My pessimistic outlook for the majority of authors who go into self publishing isn't based on the quality of their writing, that's a subjective matter in most cases. I'm pessimistic because I know that these authors, when they go looking for help on the Internet, are deluged with optimistic outlooks from people who want to sell them something. Of course the cover designer is going to say you'll get a great cover, and you may. Of course the editor is going to say the book will be New York quality, it's not a tough goal. Of course the marketing expert or publishing consultant is going to say their advice will help you sell more books. In all these cases, these experts know more about their field than you do, so it's fair for them to say they can help, but what does that mean?

Will the cover designer guarantee that the artwork will sell 1,000 books and make back the cost of the art? Will the editor guarantee that the polished prose will get mainstream reviewers to take notice? Will the marketing or publishing consultant guarantee that the additional profits you'll generate will pay for their services, and wait until you earn those profits for their paychecks? Too many authors confuse "professional" help with "useful" help, meaning help that will contribute value above it's cost to a positive outcome. If you want to succeed as a self publisher, you have to write books people will be willing to buy and figure out a cost effective way to reach those people. And that's a service I've never seen anybody selling.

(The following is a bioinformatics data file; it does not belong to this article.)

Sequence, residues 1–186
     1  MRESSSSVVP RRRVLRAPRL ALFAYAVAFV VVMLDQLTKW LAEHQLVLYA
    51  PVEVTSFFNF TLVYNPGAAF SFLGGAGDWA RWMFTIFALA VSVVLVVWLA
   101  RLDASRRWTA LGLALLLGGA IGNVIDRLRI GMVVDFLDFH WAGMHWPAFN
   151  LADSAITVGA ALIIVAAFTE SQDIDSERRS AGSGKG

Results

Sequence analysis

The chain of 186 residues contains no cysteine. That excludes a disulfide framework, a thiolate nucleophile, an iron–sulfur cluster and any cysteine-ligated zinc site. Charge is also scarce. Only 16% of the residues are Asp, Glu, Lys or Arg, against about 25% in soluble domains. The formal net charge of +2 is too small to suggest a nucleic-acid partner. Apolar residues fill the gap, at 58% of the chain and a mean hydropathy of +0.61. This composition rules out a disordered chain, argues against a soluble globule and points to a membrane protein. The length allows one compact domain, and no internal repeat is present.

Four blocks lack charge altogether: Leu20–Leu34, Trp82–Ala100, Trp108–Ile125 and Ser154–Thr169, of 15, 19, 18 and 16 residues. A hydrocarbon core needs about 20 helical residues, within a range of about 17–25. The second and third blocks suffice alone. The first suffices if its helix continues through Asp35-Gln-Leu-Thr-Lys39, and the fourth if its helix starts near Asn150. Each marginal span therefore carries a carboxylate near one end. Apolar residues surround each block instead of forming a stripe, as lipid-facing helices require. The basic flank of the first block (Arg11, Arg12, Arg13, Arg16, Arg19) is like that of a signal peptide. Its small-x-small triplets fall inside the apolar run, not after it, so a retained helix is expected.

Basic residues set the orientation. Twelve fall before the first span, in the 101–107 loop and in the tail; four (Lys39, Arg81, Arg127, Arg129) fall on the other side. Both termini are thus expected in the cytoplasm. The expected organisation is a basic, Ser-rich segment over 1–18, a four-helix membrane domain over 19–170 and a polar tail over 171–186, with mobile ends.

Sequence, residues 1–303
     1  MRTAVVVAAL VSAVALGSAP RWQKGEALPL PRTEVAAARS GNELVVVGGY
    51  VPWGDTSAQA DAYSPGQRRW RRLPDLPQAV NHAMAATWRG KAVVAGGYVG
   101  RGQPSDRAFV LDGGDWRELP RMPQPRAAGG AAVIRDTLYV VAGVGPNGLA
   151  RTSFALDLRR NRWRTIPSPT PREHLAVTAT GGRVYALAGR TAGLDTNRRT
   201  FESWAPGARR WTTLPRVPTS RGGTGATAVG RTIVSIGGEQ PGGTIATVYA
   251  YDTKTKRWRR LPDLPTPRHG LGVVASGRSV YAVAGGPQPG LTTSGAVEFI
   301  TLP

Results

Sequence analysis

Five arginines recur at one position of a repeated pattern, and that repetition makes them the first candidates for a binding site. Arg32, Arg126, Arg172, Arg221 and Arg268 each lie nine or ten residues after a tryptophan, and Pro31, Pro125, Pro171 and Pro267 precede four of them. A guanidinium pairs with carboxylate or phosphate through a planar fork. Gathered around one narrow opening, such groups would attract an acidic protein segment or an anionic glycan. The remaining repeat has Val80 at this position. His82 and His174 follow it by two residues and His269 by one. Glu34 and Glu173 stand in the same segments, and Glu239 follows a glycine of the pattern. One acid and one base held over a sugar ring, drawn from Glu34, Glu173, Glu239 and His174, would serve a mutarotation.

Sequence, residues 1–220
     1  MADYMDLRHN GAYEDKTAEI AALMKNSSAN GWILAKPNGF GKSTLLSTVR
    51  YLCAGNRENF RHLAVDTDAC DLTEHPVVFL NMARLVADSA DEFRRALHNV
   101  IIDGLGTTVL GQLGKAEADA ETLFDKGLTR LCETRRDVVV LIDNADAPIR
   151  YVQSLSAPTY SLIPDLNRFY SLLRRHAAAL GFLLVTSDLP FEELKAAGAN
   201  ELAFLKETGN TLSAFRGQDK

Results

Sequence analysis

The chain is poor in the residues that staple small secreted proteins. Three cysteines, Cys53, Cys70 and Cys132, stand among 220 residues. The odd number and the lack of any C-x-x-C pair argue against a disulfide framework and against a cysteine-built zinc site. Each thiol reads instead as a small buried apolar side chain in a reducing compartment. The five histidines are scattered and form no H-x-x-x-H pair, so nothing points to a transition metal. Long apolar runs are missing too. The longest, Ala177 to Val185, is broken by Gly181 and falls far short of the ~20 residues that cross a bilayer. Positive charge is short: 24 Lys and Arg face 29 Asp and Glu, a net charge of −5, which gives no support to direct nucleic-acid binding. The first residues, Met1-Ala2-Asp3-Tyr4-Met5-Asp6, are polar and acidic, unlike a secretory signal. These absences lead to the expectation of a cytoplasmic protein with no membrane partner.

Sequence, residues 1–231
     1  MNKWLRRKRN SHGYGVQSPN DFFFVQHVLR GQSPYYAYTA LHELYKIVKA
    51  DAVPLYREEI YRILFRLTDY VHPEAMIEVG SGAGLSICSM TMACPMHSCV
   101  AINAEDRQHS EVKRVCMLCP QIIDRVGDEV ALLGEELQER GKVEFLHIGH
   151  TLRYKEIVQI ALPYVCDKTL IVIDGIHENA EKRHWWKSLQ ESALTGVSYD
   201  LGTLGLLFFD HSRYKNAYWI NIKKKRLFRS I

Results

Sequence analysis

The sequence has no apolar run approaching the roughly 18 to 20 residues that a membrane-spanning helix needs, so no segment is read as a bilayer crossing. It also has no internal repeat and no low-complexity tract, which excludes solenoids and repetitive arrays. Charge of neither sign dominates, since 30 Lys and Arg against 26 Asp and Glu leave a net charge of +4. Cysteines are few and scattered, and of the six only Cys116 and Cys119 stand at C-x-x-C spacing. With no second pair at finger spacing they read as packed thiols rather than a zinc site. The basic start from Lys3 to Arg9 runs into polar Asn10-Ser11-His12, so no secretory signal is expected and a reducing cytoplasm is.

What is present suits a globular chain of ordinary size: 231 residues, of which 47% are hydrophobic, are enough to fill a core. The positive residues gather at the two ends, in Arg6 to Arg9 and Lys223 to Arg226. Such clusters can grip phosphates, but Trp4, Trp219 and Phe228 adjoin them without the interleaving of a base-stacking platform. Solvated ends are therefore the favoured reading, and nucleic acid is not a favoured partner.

Cooperative or Co-op Advertising For Books

Somebody sent me a few comments from a leading luminary of self publishing talking about how publishers paid placements in bookstore chains are an important part of the book business. The quote that caught my eye was:

Chains make their money on advertising.

Now I knew that the chains, Barnes&Noble and Borders, plus the giant book retailer Amazon, make money providing prime display space to publishers of books, but I was sure that there was something wrong with the magnitude of the statement. So I did some hunting around, trying to put a number on how much the big book retailers make on cooperative advertising payments and largely drew a blank. They don't break out all of that revenue in their SEC filings, it gets combined with other items. Amazon, for example, treats co-op money as a reduction in the cost of goods, while B&N mainly puts it to the overhead of the stores.